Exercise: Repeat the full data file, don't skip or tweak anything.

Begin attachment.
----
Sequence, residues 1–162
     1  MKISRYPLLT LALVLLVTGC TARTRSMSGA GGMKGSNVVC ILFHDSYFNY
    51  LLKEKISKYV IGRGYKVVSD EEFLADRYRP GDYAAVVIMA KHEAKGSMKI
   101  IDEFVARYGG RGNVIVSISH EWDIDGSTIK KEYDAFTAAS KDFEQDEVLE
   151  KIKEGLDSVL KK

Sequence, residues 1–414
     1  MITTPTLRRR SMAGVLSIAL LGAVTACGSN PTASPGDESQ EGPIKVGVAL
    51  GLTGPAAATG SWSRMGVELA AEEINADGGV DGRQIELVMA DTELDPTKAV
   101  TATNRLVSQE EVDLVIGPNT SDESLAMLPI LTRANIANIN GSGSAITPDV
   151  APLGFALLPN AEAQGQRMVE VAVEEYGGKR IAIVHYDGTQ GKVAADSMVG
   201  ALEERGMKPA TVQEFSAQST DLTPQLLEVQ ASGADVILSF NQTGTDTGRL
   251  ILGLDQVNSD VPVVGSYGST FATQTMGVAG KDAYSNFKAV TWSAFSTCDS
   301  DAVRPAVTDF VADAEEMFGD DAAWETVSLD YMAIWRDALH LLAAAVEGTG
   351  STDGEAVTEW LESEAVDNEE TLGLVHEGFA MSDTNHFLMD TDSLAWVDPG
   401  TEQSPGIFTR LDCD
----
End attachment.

Sequence, residues 1–162
     1  MKISRYPLLT LALVLLVTGC TARTRSMSGA GGMKGSNVVC ILFHDSYFNY
    51  LLKEKISKYV IGRGYKVVSD EEFLADRYRP GDYAAVVIMA KHEAKGSMKI
   101  IDEFVARYGG RGNVIVSISH EWDIDGSTIK KEYDAFTAAS KDFEQDEVLE
   151  KIKEGLDSVL KK

Sequence, residues 1–414
     1  MITTPTLRRR SMAGVLSIAL LGAVTACGSN PTASPGDESQ EGPIKVGVAL
    51  GLTGPAAATG SWSRMGVELA AEEINADGGV DGRQIELVMA DTELDPTKAV
   101  TATNRLVSQE EVDLVIGPNT SDESLAMLPI LTRANIANIN GSGSAITPDV
   151  APLGFALLPN AEAQGQRMVE VAVEEYGGKR IAIVHYDGTQ GKVAADSMVG
   201  ALEERGMKPA TVQEFSAQST DLTPQLLEVQ ASGADVILSF NQTGTDTGRL
   251  ILGLDQVNSD VPVVGSYGST FATQTMGVAG KDAYSNFKAV TWSAFSTCDS
   301  DAVRPAVTDF VADAEEMFGD DAAWETVSLD YMAIWRDALH LLAAAVEGTG
   351  STDGEAVTEW LESEAVDNEE TLGLVHEGFA MSDTNHFLMD TDSLAWVDPG
   401  TEQSPGIFTR LDCD